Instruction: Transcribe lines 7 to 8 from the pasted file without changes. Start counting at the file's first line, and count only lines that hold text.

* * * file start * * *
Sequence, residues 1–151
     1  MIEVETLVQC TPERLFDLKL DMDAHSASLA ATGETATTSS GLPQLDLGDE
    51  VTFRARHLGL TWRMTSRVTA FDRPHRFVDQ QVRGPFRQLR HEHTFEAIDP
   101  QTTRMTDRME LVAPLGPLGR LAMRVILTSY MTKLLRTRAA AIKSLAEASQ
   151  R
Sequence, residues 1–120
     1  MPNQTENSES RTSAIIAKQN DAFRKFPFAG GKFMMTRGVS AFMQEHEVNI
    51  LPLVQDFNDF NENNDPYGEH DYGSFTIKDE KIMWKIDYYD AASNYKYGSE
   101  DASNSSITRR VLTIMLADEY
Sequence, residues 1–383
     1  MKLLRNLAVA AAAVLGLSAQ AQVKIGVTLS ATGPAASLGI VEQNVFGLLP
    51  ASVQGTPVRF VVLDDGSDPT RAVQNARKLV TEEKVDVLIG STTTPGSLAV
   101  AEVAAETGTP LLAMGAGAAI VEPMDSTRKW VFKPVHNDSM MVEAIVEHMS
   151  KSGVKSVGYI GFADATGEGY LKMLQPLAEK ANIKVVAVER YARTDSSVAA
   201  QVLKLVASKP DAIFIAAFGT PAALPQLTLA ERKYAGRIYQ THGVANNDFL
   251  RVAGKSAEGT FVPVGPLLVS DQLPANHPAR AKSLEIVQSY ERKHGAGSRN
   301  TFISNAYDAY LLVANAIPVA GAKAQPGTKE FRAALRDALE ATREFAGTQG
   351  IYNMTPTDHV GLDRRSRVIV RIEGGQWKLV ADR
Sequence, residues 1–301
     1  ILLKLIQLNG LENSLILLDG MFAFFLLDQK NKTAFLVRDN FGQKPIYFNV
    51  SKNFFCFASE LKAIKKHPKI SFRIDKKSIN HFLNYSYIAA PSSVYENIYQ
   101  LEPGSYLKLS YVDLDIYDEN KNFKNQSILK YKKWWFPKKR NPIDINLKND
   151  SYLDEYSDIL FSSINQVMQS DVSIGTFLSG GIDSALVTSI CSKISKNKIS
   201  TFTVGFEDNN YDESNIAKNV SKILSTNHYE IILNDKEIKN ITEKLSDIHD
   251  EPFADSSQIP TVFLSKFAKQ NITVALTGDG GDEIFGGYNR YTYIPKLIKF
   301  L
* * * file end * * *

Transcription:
     1  MPNQTENSES RTSAIIAKQN DAFRKFPFAG GKFMMTRGVS AFMQEHEVNI
    51  LPLVQDFNDF NENNDPYGEH DYGSFTIKDE KIMWKIDYYD AASNYKYGSE